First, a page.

Several years ago, I asked Tiki Barber — the legendary New York Giants running back — who the most underrated athlete was. It took him barely a moment to respond.
Tom Brady? I responded that it was hard to think of a more celebrated person, with everyone — even non-sports fans — acknowledging his prowess on the field.
“Right,” Barber said. “All that is true. And yet even all of that understates what Tom has accomplished on the football field.”
Tiki was, as ever, right. That discussion was around five years ago — before Brady was once again a Super Bowl champion, continuing to be an impressive player at an uncommonly old age for a quarterback.
I find myself reflecting on Tiki’s observation as the publication of my book approaches, which looks at how the meaning of life is revealed in the Haggadah. The most celebrated Jewish holiday is Pesach, with far more Jews committed to attending a Seder than observing any other holiday. This is all the more remarkable when we think of the other holiday opportunities there are for Jews to avail ourselves of: Shabbat and Purim, Hanukkah and Sukkot…and so many others!
And yet, Pesach is still the most underrated Jewish holiday — the Tom Brady, perhaps, of Jewish holidays.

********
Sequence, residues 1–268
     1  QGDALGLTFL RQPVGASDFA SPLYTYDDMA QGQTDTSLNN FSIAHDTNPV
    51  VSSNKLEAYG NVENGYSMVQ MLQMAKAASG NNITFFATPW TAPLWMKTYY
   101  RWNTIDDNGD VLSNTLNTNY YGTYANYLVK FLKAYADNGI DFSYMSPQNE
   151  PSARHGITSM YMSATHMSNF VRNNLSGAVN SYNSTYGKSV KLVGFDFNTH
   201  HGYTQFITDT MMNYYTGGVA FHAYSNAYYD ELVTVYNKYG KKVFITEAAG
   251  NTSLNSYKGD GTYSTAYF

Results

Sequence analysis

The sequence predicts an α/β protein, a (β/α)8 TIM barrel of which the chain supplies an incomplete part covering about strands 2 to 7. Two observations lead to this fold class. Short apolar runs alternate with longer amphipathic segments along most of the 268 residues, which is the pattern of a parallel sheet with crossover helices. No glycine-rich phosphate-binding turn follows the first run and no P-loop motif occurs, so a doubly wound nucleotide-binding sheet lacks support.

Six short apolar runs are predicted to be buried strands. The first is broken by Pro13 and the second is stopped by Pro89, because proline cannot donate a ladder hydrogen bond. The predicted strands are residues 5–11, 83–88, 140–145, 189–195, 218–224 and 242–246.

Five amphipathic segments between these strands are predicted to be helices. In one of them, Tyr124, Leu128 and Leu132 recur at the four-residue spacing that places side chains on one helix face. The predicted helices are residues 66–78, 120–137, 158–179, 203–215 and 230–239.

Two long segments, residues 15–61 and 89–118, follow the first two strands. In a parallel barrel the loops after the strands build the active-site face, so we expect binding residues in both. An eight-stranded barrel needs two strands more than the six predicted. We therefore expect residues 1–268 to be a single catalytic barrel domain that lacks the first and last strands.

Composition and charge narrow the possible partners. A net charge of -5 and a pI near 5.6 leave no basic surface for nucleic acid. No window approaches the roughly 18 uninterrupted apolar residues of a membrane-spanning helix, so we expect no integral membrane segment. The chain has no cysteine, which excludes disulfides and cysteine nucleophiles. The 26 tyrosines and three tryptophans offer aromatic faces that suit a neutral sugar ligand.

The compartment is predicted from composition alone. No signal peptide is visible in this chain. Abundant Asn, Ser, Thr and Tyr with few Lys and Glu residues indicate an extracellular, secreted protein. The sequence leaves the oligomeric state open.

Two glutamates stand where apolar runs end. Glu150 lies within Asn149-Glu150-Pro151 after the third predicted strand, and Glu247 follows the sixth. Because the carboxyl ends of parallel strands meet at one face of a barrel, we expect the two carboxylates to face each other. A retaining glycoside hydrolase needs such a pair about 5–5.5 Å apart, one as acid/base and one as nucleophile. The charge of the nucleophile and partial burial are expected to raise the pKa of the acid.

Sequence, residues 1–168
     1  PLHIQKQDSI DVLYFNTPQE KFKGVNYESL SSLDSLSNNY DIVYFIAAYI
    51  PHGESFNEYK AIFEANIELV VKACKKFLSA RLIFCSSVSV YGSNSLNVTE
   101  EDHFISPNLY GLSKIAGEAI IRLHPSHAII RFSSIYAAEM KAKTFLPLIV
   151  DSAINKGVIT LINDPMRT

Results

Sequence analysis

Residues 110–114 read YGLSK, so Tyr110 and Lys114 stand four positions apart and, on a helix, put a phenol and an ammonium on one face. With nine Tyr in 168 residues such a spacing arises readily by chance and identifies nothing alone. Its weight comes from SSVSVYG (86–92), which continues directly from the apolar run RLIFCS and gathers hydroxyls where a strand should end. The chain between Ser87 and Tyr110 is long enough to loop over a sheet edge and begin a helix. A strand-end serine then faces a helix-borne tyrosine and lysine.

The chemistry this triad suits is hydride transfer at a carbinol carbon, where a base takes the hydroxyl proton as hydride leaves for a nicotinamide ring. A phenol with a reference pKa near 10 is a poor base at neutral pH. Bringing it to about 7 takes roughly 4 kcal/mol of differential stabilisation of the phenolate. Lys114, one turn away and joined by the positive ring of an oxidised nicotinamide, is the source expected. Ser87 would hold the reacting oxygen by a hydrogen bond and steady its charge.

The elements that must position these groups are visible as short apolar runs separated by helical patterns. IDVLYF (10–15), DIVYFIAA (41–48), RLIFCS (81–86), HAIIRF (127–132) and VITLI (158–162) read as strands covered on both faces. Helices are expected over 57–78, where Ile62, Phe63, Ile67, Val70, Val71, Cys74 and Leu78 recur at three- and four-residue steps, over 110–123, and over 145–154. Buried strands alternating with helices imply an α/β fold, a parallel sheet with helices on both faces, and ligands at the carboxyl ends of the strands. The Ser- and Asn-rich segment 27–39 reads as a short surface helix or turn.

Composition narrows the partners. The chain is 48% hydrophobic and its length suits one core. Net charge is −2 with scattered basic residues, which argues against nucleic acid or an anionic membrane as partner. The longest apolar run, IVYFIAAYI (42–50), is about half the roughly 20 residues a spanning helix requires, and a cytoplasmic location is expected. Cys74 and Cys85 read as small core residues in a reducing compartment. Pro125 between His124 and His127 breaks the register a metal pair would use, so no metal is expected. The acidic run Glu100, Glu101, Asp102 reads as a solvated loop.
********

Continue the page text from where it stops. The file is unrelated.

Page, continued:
The reason why Pesach is at once the most popular and the most underrated holiday is revealed in the distance between how we conduct the Seder and how we could conduct the Seder. Many Jews, at all levels of observance, go around the Seder table and read the Haggadah. The difference may lie primarily in how much of the Haggadah is read and how much is skipped — which rolls up to the data point of how long the Seder lasts.
The problem is that the Haggadah is not really a book. Yes, it has words, pages, and is bound like one, but the same can be said of a songbook. And yet no one would say that the experience of, say, Queen’s “Somebody to Love” can best be had through reading the lyrics, stanza by stanza, around the dinner table. One needs Freddie Mercury’s voice, accompanied by the background instrumentals. And the Haggadah needs each of ours, accompanied by the genuinely awesome Jewish teachings and traditions.
This is not just a nice sentiment; it’s in the text. The Haggadah, quoting from the Torah in Genesis 46:27, tells us that, “70 people went down to Egypt.” The problem: there are only sixty-nine people listed in the Genesis text. So who is number seventy? This question has vexed commentators for a long time. Many have suggested that number seventy is Moses’s mother. But then why did the text not list her name, as it listed everyone else’s?